Kind-polymorphic Typeablein GHC 7.8
The page describes an improved implementation of the Typeable class, using polymorphic kinds, available from GHC 7.8. Technically it is straightforward, but it represents a non-backward-compatible change to a widely used library, so we had to make a plan for the transition.
The Typeable class before 7.8
Before 7.8, the Typeable class was as follows:
class Typeable (a :: *) where typeOf :: a -> TypeRep
Because it was mono-kinded we also had
class Typeable1 (f :: *->*) where typeOf1 :: f a -> TypeRep
and so on up to Typeable7. It was a mess, and we couldn't make Typeable at all for type constructors with higher kinds like
Foo :: (* -> *) -> *
The new Typeable class, in GHC 7.8
Having polymorphic kinds lets us say this:
data Proxy t = Proxy class Typeable t where typeRep :: proxy t -> TypeRep
- Typeable has a polymorphic kind:
Typeable :: forall k. k -> Constraint
- The method is called typeRep rather than typeOf
- One reason for the name change is that the argument is not a value of the type t, but a value of type (proxy t). We have to do this because t may have any kind, so we can't say
typeOf :: t -> TypeRep
- You can instantiate proxy to whatever you want; one common choice is the poly-kinded Proxy datatype:
Proxy:: forall k. k -> *
Now the base library code can have kind-specific instances:
instance Typeable Int where typeRep _ = ... instance Typeable  where typeRep _ = ... instance (Typeable a, Typeable b) => Typeable (a b) where typeRep _ = ...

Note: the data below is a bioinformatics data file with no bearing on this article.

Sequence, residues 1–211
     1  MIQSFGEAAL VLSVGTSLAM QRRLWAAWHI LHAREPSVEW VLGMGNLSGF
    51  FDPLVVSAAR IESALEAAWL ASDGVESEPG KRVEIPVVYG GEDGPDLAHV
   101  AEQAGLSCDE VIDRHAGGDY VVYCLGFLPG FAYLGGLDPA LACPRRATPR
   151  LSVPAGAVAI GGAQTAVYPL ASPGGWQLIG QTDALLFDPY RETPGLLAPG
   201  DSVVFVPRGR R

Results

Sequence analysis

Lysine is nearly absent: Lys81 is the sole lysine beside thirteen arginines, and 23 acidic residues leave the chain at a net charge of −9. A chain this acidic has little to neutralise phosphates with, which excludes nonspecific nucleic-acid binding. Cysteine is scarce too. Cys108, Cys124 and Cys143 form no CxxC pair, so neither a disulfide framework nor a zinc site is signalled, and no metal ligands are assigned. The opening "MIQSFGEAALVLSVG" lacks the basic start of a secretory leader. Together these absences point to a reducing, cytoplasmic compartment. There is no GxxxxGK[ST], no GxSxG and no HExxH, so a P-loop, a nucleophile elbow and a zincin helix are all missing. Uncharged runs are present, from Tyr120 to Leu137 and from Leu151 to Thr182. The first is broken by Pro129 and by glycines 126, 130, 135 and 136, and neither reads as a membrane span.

A use of deriving( Typeable ) for a type constructor T always generates
instance Typable T where typeRep _ = ....
i.e. an instance of T itself, not applied to anything.
How to make your code compile again
If you have code involving Typeable that fails to compile with 7.8, it might be due to the changes described above. Here's a few things to keep in mind in order to make your code compile again:
- Users can no longer giving manual instances of Typeable; they must be derived.
- Manual instances were often written for datatypes with non kind-* arguments. These can now be derived without problems. So if you had, for example:
data Fix f = In (f (Fix f)) instance (Typeable1 f) => Typeable (Fix f) where typeOf = ...you can now simply attach deriving Typeable to Fix.
- You can still use typeOf1..7; they are now just (deprecated) type-specific versions of typeRep. But keep in mind that they are no longer methods of a class, as the classes Typeable1..7 no longer exist.
- You can still use Typeable1..7; they are now just (deprecated) type synonyms for Typeable, fixing the kind of their argument. But keep in mind that they are no longer classes, just type synonyms.
- If all else fails, you could just try replacing your import Data.Typeable with import Data.OldTypeable. But keep in mind that OldTypeable is distinct, and incompatible with the new Typeable.
- If you want code that compiles with multiple versions of GHC, you should use CPP. The tagged package on Hackage is a good example of how to achieve this.
A change-over plan
In GHC 7.8:
- Rename Data.Typeable to Data.OldTypeable and deprecate the whole module.
- Define a new library Data.Typeable with the new definitions in them.
- Include in Data.Typeable old methods for backward compatibility, but deprecate them:
typeOf :: forall a. Typeable a => a -> TypeRep typeOf _ = typeRep (Proxy :: Proxy a) typeOf1 :: forall t (a :: *). Typeable t => t a -> TypeRep typeOf1 _ = typeRep (Proxy :: Proxy t) type Typeable1 (a :: * -> *) = Typeable a type Typeable2 (a :: * -> * -> *) = Typeable a
- Make deriving( Typeable ) work with whatever Typeable class is in scope. So what it does will be determined by whether you say import Data.Typeable or import Data.OldTypeable.
In GHC 7.10:
- Remove Data.OldTypeable
Open question: what are the corresponding changes to Data.Data? See #4896.